" Vopiscus in Hist. August. p. 222. [Aurel. c. 41.] Aurelius Victor mentiona a formal deputation from the troops to the sepate.


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interregnum of eight months.

be expected that a hasty repentance would correct the inveterate habits of fourscore years? Should the soldiers relapse into their accustomed seditions, their insolence migłt disgrace the majesty of the senate and prove fatal to the object of its choice. Motives like these dictated a decree by which the election of a new emperor was referred to the suffrage of the military order. The contention that ensued is one of the best attested but most

improbable events in the history of mankind. The troops, Feb. 3. as if satiated with the exercise of power, again conjured the A peaceful senate to invest one of its own body with the Imperial

w purple. The senate still persisted in its refusal ; the army

in its request. The reciprocal offer was pressed and rejected at least three times, and, whilst the obstinate modesty of either party was resolved to receive a master from the hands of the other, eight months insensibly elapsed; an amazing period of tranquil anarchy, during which the Roman world remained without a sovereign, without an usurper, and without a sedition. The generals and magistrates appointed by Aurelian continued to execute their ordinary functions; and it is observed that a proconsul of Asia was the only considerable person removed from his office in the whole course of the interregnum.

An event somewhat similar but much less authentic is supposed to have happened after the death of Romulus, who, in his life and character, bore some affinity with Aurelian. The throne was vacant during twelve months till the election of a Sabine philosopher, and the public peace was guarded in the same manner by the union of the several orders of the state. But, in the time of Numa and Romulus, the arms of the people were controlled by the authority of the Patricians; and the balance of freedom was easily preserved in a small and virtuous community. The decline of the Roman state,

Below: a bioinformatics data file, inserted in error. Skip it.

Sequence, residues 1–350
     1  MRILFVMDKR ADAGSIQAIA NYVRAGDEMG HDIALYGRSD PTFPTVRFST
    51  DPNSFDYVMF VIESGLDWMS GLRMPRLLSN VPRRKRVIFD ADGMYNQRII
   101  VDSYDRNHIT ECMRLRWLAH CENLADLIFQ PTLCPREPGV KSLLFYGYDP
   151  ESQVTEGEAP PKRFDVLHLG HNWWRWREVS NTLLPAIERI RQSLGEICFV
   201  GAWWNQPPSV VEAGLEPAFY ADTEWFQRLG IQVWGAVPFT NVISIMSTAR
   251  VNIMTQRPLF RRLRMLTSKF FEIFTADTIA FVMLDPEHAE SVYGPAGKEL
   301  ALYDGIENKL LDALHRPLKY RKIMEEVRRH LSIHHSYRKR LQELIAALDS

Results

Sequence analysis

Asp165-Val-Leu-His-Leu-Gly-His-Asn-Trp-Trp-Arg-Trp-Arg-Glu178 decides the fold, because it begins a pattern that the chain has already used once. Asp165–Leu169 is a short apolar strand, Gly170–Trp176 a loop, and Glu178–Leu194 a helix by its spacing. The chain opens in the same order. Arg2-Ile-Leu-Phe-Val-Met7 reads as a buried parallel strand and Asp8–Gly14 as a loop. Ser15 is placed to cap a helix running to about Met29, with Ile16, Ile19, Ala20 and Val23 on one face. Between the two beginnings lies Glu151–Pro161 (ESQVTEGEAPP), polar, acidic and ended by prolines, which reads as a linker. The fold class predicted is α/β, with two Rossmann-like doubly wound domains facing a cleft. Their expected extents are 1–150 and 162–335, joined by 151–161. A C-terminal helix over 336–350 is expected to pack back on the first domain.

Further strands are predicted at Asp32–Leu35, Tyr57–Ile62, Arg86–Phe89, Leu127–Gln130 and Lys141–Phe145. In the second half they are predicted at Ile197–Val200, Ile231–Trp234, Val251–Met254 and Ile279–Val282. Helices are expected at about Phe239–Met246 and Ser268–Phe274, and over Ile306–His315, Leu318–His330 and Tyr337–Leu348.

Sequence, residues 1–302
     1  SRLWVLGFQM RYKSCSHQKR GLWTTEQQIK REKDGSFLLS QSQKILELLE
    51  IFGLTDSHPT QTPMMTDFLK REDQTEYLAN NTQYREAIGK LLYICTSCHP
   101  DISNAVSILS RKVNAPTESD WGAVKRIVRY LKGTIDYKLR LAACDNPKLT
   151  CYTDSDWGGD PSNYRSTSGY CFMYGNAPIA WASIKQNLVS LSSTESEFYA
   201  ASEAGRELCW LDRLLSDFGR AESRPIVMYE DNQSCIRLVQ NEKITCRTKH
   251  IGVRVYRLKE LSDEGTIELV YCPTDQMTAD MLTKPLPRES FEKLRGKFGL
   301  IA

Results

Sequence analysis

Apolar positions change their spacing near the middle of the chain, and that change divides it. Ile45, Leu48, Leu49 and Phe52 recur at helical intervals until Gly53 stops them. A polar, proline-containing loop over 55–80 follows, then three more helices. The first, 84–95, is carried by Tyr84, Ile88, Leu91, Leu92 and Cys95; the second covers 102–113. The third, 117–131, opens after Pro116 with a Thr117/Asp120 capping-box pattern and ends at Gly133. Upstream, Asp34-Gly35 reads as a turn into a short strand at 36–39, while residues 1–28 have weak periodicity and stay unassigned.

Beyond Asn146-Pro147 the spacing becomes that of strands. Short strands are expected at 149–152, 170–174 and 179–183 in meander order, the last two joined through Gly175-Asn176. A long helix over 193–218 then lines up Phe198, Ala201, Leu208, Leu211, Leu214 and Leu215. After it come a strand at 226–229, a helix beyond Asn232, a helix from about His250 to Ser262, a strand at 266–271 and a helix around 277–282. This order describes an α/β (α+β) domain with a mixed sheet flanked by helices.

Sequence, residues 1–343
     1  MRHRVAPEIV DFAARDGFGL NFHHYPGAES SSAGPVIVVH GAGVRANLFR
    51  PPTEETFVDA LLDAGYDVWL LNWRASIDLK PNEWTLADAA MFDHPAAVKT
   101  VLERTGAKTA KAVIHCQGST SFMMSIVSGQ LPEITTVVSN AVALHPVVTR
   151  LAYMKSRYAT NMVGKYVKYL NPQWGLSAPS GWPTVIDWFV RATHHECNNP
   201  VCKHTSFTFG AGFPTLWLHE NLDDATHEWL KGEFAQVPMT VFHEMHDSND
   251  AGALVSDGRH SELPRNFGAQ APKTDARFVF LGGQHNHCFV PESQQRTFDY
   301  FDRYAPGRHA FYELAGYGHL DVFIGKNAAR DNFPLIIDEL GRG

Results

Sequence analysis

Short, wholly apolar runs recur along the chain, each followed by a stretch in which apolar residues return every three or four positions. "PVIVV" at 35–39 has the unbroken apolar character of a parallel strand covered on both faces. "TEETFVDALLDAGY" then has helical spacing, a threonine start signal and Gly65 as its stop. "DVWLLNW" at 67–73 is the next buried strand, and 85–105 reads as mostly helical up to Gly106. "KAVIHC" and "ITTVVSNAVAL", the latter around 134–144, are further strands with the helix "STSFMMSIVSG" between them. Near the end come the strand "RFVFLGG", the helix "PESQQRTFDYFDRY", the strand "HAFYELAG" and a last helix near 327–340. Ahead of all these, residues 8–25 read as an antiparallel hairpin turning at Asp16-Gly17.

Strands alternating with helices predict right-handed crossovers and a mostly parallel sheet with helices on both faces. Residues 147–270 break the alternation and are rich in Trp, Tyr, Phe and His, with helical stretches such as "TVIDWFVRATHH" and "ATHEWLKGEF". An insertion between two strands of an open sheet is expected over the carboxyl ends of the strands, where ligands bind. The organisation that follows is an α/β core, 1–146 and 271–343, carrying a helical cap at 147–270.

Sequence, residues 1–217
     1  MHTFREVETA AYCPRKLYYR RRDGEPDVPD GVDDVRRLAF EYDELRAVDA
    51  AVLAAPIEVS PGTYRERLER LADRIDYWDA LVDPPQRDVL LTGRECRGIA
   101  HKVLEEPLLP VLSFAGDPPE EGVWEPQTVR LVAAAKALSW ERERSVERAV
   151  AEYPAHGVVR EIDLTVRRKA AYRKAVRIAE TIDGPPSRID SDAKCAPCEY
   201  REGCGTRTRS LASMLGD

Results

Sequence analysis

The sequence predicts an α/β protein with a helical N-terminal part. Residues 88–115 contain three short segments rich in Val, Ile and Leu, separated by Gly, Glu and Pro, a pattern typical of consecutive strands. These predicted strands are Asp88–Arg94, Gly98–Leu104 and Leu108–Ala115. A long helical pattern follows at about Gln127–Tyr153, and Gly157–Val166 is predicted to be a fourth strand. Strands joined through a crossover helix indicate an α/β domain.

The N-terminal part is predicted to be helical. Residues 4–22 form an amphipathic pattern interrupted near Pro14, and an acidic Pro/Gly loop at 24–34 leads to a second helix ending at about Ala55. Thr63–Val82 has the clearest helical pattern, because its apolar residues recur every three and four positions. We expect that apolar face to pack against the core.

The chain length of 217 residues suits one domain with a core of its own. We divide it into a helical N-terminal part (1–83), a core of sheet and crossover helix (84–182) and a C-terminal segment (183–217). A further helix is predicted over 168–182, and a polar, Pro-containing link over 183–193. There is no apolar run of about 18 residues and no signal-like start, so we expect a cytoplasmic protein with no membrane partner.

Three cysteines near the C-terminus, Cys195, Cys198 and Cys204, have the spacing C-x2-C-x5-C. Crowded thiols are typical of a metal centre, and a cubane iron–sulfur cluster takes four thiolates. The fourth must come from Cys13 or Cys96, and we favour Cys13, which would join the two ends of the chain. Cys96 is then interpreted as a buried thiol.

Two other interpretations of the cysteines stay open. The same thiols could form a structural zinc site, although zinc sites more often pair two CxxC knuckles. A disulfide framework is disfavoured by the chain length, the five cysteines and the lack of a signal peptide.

Vopiscus, our principal authority, wrote at Rome sixteen years only after the death of Aurelian; and, besides the recent notoriety of the facts, constantly draws his materials from the Journals of the Senate and the original papers of the Ulpian library. Zosimus and Zonaras appear as ignorant of this transaction as they were in general of the Roman constitution.

3 Liv, i. 17. Dionys. Halicarn. 1. ii. [c. 57] p. 115. Plutarch in Numa (c. 2), p. 60. The first of these writers relates the story like an orator, the second like a lawyer, and the third like a moralist, and none of them probably without some interunixture of fable.

a This is the date in Vopiscus, “III. end of March. Tacitus was elected the Non. Febr.” (Aurel. c. 41); but as it is 25th of September. During the interin opposition to other authorities, which regnum Severina, the widow of Aurelian, make the interregnum between the death appears to have been acknowledged as of Aurelian and the elevation of Tacitus empress at Alexandria, since her Alexanonly six months (not eight, as Gibbon drian coins bear only the years 6 and 7, says), it is proposed to read “III. Non. and Aurelian died in the sixth year of his Apr." instead of “III. Non. Febr.,” which reign. See Eckhel, vol, vii. p. 488; CEL. will place the death of Aurelian at the ton, Fasti Rom, vol. i. p. 312, 313.-S.